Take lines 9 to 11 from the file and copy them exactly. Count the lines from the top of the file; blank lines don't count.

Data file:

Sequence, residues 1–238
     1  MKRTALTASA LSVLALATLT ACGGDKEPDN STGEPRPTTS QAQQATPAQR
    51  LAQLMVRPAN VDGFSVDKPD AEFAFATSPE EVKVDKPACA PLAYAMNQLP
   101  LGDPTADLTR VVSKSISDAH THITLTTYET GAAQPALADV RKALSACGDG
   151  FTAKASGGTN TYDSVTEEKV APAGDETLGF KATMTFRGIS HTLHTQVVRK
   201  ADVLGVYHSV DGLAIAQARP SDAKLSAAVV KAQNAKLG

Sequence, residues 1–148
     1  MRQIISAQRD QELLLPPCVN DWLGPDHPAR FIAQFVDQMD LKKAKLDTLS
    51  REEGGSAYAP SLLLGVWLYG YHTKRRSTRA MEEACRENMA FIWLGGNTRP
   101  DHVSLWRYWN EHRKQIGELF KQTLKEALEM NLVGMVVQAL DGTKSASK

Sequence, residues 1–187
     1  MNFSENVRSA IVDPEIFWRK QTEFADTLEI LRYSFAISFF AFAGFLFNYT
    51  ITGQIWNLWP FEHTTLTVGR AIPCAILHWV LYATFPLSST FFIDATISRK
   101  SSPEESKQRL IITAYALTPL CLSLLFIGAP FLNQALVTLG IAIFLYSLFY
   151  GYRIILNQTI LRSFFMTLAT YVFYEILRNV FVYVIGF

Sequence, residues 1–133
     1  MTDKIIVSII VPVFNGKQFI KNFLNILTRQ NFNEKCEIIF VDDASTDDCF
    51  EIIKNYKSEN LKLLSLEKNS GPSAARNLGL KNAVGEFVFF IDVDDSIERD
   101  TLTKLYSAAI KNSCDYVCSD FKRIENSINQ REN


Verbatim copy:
    51  REEGGSAYAP SLLLGVWLYG YHTKRRSTRA MEEACRENMA FIWLGGNTRP
   101  DHVSLWRYWN EHRKQIGELF KQTLKEALEM NLVGMVVQAL DGTKSASK

Sequence, residues 1–187